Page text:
J Wilson has vowed to fast on beer this Lent. The 38-year-old Iowan is following the example of 17th-century Bavarian friars who did not allow solid food to pass their lips during the penitential season but kept going on strong, dark specially brewed beer called doppelbock.
The first three days of the fast are meant to be the worst, says Wilson when I speak to him two days after Ash Wednesday. He says he feels fine and on Day Three he is certainly sounding more cheerful and compos mentis than I would have expected from a man on a diet of four 12-ounce bottles of dark lager a day. He has a headache, he says, but doesn’t feel bleary or even that hungry. Wilson is writing about the experience on his blog, Diary of a Part-Time Monk, and plans to write a book on the topic.
Like the Paulaner friars of Munich, Wilson, a home-brewing English teacher turned newspaper editor, brewed his own doppelbock, adapting old recipes. The beer, which is sweeter, stronger and darker than normal lager, is filled with nutrients and was called “liquid bread”. Doppelbock received papal approval in the late 1600s, so the legend goes, because the Paulaner friars sent a cask of the brew to Rome which turned sour on the long journey across the Alps. The pope tasted the sour liquid and decided that anything so disgusting must be good for penitents, giving it his sanction. The Paulaner doppelbock, which is a strengthened version of the original Lenten beer known as bockbier, was called Salvator, and the other Bavarian breweries which make doppelbock give the brew a name ending in the letters “-or”. Wilson’s beer is an Illuminator. Although hops play a minimal part in the flavour of doppelbock, Wilson has used a mixture of different hops, including a type originally grown in the Holledau region of Bavaria from where the friars would have harvested hops used in the Salvator beer.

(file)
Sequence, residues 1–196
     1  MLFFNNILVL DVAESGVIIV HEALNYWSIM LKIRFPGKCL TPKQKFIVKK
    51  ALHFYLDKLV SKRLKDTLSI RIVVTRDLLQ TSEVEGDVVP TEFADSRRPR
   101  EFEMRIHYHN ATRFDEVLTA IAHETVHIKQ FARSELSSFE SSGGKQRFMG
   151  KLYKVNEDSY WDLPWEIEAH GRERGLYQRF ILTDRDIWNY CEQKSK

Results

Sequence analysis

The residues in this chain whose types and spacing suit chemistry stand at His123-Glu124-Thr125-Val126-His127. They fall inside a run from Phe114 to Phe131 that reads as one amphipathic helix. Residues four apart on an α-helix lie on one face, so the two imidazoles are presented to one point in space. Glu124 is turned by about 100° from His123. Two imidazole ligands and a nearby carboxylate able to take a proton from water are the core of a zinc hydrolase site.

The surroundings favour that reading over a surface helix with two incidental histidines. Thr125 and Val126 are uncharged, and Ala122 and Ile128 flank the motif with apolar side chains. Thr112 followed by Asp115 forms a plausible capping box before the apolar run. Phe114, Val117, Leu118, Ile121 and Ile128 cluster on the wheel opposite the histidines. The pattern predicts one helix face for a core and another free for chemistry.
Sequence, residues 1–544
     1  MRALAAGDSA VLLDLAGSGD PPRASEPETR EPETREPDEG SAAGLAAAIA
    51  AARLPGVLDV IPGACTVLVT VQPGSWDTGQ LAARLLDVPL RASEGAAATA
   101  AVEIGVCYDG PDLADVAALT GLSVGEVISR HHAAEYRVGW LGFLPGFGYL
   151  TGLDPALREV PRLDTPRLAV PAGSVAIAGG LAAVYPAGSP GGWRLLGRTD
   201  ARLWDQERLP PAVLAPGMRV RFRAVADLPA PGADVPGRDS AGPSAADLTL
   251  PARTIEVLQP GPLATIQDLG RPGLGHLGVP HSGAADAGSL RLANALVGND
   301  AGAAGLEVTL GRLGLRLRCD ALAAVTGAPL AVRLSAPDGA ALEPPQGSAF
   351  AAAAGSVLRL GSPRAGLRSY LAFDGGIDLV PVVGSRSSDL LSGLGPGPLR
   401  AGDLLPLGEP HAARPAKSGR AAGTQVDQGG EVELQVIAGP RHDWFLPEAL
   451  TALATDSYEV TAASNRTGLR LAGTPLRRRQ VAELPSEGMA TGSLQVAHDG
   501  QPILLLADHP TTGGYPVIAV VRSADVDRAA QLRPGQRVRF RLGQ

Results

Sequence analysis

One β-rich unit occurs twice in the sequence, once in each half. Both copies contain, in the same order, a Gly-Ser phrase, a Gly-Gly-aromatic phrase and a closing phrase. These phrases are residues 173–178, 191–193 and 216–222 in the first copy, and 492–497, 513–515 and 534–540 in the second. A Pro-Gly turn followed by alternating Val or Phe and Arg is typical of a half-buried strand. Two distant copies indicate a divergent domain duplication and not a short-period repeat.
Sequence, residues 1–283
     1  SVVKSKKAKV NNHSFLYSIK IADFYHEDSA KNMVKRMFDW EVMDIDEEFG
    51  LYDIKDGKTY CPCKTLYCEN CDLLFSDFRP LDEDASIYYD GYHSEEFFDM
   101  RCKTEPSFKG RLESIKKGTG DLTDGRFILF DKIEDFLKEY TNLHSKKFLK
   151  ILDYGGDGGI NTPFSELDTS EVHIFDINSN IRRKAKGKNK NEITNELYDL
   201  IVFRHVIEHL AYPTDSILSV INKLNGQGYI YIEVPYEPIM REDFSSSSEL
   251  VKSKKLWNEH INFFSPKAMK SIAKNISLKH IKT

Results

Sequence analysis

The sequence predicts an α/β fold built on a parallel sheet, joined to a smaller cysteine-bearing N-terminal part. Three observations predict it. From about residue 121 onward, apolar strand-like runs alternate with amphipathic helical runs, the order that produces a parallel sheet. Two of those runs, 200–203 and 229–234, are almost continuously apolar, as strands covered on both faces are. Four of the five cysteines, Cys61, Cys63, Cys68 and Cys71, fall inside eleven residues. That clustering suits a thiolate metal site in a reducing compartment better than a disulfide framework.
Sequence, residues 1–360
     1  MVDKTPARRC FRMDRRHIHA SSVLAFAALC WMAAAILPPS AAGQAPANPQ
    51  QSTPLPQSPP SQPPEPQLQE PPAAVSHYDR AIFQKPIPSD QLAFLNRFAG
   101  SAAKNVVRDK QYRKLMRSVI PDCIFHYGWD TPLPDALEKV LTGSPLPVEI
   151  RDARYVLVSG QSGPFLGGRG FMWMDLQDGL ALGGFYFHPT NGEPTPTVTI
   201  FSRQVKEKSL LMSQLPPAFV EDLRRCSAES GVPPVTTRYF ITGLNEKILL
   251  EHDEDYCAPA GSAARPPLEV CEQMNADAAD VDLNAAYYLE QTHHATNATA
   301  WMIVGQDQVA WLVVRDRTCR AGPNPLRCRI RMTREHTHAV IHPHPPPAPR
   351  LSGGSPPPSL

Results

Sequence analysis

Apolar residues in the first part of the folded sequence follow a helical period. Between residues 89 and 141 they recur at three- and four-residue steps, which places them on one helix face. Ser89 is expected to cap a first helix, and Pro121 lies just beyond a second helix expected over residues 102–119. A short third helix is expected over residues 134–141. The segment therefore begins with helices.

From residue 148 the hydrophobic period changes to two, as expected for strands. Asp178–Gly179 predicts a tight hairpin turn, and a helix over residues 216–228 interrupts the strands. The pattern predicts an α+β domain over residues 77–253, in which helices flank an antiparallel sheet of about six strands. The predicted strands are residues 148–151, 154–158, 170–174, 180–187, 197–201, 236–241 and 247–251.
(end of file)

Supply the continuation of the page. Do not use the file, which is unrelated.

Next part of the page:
As well as being the editor of the Adams County Free Press, Wilson is a beer blogger for a site called Brewvana. The idea for the beer fast came to him some years ago. He says he was first drawn to the “storied history” of the Paulaner friars developing the doppelbock to sustain them during Lent.
“I’ve got a little history interest in me,” he explains. “I certainly enjoy the beer angle. And a couple of years ago I thought this would be a really interesting project to see what their lives would have looked like. I thought this would make an interesting book. I think people might agree with me.”
With his wife’s approval and the support of his colleagues at the Adams County Free Press, the father of two started developing the project in earnest. Reckoning that he would lose some weight over the 46 days of fasting, Wilson bulked up. Then there was a test run, surviving a day on nothing but beer. Although he experienced some pangs of hunger and a slight headache, the trial went well and he decided he would go ahead. A friend who runs the Rock Bottom Brewery in Des Moines, Iowa, brewed the beer in large enough quantities for the project.